Mitchell Leisen’s first design project? A costume for Martha Graham!

One-Thousand-And-One-Night-Stands_1960Los Angeles has long been an arts beehive, dating back to the 1910s when modern-dance goddess Martha Graham and film director Mitchell Leisen converged here. We enjoyed receiving this amazing Los Angeles dance-film anecdote from Norton Owen, a friend of arts·meme and the Director of Preservation at Jacob’s Pillow Dance Festival. Writes Norton:

I am wondering if you know about the connection of Mitchell Leisen and [dancer/choreographer/Jacob’s Pillow founder] Ted Shawn. Aside from a vague memory that [Leisen] had his beginnings at Denishawn, I wasn’t sure exactly what that connection might be. So I went back to the unpublished original manuscript for Ted Shawn’s 1001 NIGHT STANDS which contains much more detail than what ended up in the print edition. Here’s what Shawn writes about a connection which I believe happened around 1916:

leisenAt that time a friend, Miss Irene Mitchell, a very successful concert manager from Kansas City, Missouri, was visiting us. She had been stricken with a strange illness with a resultant complete loss of speaking voice. As it interfered with her work tremendously, and she was worrying herself into the grave, we invited her to come out to California and live with us – get a complete change and we hoped, recover her health and voice. She had been there some time when she was joined by a young nephew just out of high school, who was Irene’s responsibility. So he lived at Denishawn too (this was at Westlake Park). He had a certain talent for drawing and made sketches of costume designs, which showed promise.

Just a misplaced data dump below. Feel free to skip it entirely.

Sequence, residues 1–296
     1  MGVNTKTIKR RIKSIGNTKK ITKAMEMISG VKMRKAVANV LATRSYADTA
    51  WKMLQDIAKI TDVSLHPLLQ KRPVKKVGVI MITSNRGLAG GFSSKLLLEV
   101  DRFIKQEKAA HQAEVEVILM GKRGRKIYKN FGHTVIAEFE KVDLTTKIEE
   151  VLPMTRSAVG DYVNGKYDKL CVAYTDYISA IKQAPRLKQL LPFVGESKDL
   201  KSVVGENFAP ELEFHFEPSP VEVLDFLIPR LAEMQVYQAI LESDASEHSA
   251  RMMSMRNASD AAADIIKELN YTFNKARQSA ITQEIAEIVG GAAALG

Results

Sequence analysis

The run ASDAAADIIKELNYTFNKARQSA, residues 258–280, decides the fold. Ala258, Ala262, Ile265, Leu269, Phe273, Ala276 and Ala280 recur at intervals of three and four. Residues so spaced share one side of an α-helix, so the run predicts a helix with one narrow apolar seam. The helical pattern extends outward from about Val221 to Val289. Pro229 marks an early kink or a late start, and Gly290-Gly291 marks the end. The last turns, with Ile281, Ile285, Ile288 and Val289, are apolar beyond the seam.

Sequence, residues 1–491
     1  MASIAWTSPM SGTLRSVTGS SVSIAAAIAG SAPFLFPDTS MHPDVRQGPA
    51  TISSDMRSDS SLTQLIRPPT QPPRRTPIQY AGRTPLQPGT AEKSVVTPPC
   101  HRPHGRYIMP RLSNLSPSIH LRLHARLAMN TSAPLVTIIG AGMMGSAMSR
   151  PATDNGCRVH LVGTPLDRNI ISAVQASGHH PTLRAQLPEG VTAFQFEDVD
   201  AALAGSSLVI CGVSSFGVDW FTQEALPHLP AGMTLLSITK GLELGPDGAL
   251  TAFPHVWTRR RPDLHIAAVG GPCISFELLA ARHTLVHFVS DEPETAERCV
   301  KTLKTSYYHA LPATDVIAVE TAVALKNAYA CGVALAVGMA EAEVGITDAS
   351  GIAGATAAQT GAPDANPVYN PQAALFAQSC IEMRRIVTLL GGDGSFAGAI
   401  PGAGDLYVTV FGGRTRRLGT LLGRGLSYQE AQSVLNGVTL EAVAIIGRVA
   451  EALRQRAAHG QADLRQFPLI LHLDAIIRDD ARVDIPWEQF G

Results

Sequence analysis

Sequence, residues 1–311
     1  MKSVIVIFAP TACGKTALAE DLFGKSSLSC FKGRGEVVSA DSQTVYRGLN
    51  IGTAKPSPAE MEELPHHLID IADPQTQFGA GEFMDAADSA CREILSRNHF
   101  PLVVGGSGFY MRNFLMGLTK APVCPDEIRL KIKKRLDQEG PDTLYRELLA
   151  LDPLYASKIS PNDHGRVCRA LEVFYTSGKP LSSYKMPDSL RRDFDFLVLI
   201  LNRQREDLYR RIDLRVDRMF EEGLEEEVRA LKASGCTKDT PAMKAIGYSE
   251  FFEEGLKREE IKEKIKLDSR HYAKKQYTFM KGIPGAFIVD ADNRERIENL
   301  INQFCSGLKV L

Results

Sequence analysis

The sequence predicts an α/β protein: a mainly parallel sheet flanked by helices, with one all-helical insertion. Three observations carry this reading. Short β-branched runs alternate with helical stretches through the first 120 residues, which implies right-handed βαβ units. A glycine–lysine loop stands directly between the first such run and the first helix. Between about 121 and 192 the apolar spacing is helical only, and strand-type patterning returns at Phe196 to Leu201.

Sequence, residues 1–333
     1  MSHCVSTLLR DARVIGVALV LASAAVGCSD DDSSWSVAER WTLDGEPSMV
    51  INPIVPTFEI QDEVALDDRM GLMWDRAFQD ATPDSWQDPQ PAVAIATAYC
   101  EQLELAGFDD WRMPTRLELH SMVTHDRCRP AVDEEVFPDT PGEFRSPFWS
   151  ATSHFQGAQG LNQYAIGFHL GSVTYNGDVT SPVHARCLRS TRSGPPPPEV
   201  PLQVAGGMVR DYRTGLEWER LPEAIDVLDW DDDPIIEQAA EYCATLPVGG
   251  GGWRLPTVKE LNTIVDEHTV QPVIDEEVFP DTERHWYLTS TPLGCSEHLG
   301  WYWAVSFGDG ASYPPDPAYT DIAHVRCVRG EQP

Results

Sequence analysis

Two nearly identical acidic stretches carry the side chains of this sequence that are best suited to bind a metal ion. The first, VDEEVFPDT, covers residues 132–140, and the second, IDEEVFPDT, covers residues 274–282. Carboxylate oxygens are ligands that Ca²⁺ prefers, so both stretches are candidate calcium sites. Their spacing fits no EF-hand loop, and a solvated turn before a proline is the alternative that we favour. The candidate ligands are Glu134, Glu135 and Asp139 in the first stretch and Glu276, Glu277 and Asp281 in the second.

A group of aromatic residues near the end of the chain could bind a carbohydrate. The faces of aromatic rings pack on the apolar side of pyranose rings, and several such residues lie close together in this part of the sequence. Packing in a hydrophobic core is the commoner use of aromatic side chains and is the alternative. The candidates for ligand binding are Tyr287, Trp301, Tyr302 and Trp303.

Sgraham-serenata moriscao I engaged this idle lad in my plan in regard to Martha [Graham – this is about the creation of “Serenata Morisca” (1916)]. Between us we designed a stunning costume in black and gold, with a full circular skirt; and between us we made the costume, except for the actual machine sewing – he drawing and cutting the stencil for the border of the skirt, and I stenciling the pattern in gold on the black satin material.

That boy’s name was Mitchell Leisen, whom I introduced to C. B. DeMille and started him towards becoming the important director that he is today.

Amazing, Norton. Thank you for sharing~! Happy holidays!

Leave a Reply